£8,300 awarded for hair loss after salon accident
In 2010 compensation of £8,300 was awarded to a 24 year-old woman for hair and scalp injuries including contact dermatitis and alopecia suffered after a hairdresser used incorrect hair dye products three years earlier.
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The claimant visited the defendant's hair salon to have her hair lightened. She had a history of dermatitis and asked that natural products were used. A patch test was carried out with no ill effects
However, when she returned to salon for the full treatment, the stylist did not use natural products. The claimant's hair did not achieve the colour as expected. The stylist used several applications of bleach in an attempt to reach the desired colour. When this did not work she dyed the claimant's hair dark again to cover up the poor result.
The claimant began to suffer symptoms almost immediately. Her scalp, cheeks and ears became red and she had swelling on her scalp and ears. She went to A&E and was given steroids and painkillers.
Her scalp appeared infected for two days. Her head had cuts and her hair was damaged from excessive chemicals. Over the following months she developed alopecia areata. Bald patches appeared at the back of her head.
A dermatologist diagnosed acute dermatitis caused by skin exposure to chemicals. The alopecia was a direct result of the acute dermatitis. The claimant wore a wig to hide the bald patches.
She suffered an adverse psychiatric reaction. She became anxious, short-tempered and depressed. On some occasions she self-harmed.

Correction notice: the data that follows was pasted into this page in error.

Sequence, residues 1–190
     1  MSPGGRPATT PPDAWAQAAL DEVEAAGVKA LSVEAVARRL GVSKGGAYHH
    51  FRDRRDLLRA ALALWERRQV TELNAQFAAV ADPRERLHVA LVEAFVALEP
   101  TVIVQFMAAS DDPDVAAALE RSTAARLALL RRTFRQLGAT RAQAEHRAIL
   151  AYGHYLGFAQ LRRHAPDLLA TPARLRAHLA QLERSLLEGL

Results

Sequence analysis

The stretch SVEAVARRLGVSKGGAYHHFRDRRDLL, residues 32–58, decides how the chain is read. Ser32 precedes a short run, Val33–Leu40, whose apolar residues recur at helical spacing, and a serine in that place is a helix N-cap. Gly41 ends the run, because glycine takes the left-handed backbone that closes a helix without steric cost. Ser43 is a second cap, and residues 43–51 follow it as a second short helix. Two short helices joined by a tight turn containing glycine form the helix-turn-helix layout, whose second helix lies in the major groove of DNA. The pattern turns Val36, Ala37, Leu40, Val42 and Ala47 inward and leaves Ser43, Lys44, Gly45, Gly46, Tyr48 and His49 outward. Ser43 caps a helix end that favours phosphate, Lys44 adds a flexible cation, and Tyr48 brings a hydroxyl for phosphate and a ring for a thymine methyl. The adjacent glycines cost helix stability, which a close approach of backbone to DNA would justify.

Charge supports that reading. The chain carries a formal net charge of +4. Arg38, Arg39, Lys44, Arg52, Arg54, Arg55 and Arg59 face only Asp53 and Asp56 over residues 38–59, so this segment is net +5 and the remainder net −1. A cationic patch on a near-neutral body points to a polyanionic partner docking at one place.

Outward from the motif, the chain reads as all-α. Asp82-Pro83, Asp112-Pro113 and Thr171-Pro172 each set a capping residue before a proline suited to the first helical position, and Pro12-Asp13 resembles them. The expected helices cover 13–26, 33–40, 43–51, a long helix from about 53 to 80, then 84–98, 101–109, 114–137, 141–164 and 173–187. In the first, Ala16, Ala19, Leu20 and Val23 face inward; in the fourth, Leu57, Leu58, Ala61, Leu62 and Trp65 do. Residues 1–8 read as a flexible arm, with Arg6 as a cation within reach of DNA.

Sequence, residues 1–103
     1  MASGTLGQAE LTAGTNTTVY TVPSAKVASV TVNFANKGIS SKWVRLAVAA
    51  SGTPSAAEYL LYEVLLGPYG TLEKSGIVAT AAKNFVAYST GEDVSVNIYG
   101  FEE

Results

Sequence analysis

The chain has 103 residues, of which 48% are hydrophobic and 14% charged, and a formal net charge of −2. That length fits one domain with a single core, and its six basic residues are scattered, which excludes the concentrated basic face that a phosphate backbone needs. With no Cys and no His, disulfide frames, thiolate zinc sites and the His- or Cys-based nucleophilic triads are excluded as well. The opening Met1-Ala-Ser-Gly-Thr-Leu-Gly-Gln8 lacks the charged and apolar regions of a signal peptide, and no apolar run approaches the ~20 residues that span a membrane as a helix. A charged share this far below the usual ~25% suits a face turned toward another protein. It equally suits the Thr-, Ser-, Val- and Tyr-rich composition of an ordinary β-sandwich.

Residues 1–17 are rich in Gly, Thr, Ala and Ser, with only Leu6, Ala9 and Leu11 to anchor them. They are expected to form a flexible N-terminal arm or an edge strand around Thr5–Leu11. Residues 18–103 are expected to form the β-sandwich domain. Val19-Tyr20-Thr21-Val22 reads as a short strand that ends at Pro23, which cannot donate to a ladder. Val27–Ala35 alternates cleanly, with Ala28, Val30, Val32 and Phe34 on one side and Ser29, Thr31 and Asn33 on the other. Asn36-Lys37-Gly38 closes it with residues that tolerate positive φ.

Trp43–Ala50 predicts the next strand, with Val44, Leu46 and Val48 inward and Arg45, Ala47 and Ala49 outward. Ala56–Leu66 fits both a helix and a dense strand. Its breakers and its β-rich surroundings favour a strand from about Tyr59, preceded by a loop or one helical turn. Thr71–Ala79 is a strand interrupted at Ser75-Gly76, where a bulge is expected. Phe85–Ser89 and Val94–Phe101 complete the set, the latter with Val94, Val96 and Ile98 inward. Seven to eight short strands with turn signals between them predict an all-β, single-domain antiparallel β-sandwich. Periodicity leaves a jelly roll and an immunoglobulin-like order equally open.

A psychiatric expert diagnosed an adjustment disorder. Cognitive behavioural therapy was recommended to treat the psychiatric injuries.
After a year the hair began to grow back. Three years after the incident the hair had grown back fully.
The claimant was left sensitive to the hair dye chemicals. Any future exposure would trigger another acute episode.
It was alleged the defendant was negligent insofar as they applied excessive quantities of a bleach product. The process was repeated several times.
The claimant suffered acute contact dermatitis and contact irritant dermatitis as a result. Her scalp suffered burns and wounds.
Psychiatric injuries were caused. The claimant would not have suffered psychiatric problems had it not been for the negligence of the defendant.
Conclusion and settlement
Liability was admitted and the matter did not progress to a Court hearing.
Compensation of £8,300 was accepted by way of an out of Court settlement.
£6,500 of the damages was attributed to "pain, suffering and loss of amenity."
Future therapy sessions costing £1,500 were accepted.
£300 in sundry expenses and interest was awarded.
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Gaynor Haliday, Legal researcher
About the author
Gaynor Haliday is an experienced legal researcher and published author. She has had numerous articles published in the press and is a legal industry commentator.